After decades of being the sole guarantor of retirement security
for millions of Americans, the federal government seems poised to
shift some of this weighty responsibility onto individuals - and the
Such a move - now backed in concept by both presidential
contenders - would fundamentally alter the way Americans prepare to
retire and, more broadly, how government cares for its elders.
Democratic candidate Al Gore, the latest to propose alterations
to the 60-year-old Social Security framework, unveiled a plan June
20 that encourages retirement savings - and allows tax-free stock-
market investment. With it, he joins Republican standard-bearer
George W. Bush in supporting big changes in the retirement safety
Behind the shift, observers say, is an Internet-age trend toward
individual empowerment - and away from reliance on Uncle Sam. It's
evident at all levels of government, in everything from welfare
reform to school-choice vouchers. Some call it the "choice
"This is a major fork in the road for American public policy,"
says Michael Birkner, a historian at Gettysburg College in
Pennsylvania. Although there won't be "fire hoses or police dogs in
the streets," he says, the impact of Social Security reform on
society could be as profound as that of the civil rights movement.
Tinkering so dramatically with the New Deal-era system was once
thought to be politically impossible. But the tectonics of American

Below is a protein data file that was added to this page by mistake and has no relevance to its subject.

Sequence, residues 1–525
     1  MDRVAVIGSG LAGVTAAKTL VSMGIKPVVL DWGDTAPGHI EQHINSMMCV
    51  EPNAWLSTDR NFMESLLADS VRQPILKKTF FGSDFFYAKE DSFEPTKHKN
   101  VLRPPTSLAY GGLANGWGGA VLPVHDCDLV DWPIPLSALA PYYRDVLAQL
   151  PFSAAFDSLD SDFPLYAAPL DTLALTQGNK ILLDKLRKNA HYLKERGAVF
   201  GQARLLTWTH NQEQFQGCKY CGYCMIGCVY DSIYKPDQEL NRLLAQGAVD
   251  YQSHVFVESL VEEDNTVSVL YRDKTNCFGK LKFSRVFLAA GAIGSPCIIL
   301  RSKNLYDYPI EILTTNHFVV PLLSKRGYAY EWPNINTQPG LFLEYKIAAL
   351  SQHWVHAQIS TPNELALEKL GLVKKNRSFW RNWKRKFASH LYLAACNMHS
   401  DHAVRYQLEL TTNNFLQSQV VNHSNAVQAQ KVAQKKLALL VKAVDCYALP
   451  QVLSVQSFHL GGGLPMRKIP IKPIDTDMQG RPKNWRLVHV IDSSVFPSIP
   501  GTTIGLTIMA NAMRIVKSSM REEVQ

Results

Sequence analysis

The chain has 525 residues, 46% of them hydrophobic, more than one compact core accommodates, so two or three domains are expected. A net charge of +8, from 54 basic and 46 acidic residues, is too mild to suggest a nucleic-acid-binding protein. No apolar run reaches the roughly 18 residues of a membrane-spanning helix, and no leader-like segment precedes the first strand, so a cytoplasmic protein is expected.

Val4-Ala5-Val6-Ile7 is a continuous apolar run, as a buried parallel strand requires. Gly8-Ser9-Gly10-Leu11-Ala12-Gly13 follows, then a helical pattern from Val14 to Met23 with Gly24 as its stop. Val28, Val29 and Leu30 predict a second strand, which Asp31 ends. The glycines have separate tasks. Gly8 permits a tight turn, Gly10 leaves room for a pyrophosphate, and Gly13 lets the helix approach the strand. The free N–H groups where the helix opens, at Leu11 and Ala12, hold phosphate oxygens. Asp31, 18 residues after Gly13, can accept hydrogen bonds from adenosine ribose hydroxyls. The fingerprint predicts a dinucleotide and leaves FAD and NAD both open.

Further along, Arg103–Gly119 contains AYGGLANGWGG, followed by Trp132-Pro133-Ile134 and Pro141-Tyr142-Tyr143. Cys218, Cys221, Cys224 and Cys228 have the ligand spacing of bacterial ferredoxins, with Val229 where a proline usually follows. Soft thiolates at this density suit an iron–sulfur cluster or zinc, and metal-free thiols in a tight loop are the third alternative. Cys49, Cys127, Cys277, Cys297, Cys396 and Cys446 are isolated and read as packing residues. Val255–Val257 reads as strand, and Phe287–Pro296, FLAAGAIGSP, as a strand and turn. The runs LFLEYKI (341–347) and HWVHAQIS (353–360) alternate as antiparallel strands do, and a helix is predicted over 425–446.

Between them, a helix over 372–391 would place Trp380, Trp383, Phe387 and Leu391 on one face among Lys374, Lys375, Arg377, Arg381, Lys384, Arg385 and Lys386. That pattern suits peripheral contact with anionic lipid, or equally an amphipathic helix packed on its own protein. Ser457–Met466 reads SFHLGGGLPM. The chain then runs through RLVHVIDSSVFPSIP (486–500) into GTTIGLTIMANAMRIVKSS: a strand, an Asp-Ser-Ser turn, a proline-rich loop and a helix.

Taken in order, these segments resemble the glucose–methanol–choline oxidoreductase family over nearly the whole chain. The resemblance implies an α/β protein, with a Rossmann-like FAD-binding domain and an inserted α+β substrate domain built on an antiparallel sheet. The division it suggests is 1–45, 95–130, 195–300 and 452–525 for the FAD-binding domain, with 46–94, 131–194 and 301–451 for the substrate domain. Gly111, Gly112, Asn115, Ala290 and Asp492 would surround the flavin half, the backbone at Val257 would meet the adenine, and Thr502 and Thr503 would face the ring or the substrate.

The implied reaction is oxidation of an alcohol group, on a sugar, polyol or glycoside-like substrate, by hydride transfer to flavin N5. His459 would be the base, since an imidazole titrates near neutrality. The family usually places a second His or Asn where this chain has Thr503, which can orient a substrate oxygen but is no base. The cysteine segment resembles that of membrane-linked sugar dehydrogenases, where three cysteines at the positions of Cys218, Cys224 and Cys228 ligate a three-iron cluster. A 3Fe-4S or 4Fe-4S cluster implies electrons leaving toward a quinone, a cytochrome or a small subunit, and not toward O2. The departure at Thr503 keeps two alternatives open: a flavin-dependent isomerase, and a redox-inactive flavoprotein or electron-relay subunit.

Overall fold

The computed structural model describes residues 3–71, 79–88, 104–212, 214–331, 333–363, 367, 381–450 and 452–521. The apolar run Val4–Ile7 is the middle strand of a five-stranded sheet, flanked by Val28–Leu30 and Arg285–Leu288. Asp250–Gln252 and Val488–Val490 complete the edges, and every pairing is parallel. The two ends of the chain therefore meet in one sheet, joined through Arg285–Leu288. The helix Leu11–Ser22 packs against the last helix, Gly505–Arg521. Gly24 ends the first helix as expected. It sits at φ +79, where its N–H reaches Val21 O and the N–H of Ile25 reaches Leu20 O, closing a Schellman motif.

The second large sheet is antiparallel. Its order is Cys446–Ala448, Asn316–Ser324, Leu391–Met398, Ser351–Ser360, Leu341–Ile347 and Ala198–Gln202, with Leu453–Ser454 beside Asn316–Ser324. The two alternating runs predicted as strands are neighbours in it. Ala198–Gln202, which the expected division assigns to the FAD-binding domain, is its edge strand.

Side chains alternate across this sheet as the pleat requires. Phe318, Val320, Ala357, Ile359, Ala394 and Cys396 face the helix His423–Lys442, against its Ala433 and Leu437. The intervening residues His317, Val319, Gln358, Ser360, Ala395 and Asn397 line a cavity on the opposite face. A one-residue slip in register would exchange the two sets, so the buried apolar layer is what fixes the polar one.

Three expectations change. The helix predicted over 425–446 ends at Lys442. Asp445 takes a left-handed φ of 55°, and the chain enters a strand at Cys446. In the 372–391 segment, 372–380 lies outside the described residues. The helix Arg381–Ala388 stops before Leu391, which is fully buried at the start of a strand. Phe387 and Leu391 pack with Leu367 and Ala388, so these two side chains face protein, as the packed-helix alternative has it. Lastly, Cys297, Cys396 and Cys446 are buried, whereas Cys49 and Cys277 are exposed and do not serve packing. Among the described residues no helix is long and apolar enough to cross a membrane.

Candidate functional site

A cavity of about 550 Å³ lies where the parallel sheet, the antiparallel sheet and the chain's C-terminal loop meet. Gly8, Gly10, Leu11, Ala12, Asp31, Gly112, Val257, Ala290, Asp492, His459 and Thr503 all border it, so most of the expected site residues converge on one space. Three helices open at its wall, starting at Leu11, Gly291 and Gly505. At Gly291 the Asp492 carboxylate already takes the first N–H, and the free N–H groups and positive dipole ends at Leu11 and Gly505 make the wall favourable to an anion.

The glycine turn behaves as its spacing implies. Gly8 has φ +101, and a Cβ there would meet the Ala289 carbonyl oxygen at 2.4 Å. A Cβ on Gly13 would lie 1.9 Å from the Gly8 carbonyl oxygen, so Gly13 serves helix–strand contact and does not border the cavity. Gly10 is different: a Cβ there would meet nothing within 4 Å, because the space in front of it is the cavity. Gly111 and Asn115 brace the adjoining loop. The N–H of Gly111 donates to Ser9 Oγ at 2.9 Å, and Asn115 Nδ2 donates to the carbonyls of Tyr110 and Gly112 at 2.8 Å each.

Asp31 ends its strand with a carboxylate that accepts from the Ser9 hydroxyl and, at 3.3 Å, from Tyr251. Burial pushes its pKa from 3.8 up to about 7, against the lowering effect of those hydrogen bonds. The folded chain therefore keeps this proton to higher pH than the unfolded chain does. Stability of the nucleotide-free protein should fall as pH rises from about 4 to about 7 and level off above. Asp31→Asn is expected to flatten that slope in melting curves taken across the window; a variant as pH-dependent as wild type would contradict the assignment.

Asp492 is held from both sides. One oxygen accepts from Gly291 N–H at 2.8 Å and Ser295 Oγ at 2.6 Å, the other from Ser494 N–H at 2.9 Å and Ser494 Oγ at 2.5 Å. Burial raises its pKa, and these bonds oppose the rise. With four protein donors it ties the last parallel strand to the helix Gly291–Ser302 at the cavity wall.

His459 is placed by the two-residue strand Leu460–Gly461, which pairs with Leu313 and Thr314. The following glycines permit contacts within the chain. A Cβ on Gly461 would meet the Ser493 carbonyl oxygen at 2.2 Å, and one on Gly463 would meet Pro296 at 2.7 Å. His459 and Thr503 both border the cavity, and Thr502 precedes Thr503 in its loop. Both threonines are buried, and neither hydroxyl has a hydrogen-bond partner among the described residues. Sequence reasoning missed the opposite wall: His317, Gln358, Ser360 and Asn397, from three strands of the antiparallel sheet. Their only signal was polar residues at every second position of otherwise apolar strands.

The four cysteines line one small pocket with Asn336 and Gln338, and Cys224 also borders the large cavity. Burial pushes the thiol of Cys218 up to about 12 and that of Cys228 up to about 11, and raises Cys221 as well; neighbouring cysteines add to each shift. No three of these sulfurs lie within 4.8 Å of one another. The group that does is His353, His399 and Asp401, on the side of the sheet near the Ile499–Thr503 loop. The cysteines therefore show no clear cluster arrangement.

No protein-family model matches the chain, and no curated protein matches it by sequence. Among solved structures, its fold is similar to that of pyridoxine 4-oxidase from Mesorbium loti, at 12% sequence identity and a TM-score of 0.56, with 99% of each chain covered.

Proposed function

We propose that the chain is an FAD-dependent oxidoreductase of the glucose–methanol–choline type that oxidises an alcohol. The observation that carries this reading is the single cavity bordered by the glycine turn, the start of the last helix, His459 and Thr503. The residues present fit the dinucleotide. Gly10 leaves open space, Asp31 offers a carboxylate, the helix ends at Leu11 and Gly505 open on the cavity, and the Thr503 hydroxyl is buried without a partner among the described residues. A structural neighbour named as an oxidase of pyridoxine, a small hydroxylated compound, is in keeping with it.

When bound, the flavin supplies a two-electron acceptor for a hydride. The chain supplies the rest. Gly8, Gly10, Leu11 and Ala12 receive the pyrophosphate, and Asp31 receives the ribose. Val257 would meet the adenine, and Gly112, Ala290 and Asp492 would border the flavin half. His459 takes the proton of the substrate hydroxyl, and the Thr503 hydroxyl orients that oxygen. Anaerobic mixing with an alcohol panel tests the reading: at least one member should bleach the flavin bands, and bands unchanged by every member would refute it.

politics have shifted to enable such reform.
For one thing, the number of Americans raised during the Great
Depression is shrinking - along with their political influence.
They're the only demographic group that, as a whole, opposes big
changes to Social Security.
But in this year's election, baby boomers and Generation Xers are
the sought-after segment of the electorate, and many of them favor
change. These younger generations are better educated and more
affluent, and they are not haunted by memories of severe economic
The big unknown, though, is whether they are ready to start
making major changes to Social Security, as some say the Bush plan
would eventually require. Or do they prefer to keep the current
system in place, as Gore's plan professes to do, so long as they get
more autonomy over some retirement funds?
A 30-year transformation
The shift in America's psyche, though, has its roots in the
political scandals and then the energy crisis of the 1970s. Since
then, Americans as a whole have vested less and less faith in
government - including in its role as caretaker, says Marshall
Wittmann, congressional analyst at the conservative Heritage
Consequently, "there's been a diffusion of power - one that's
best symbolized by the Internet," he says. The Internet generations
are accustomed to being empowered by information, he says, and now
they want to be empowered by government programs. "The future is all
about individual access to information and control over one's life. …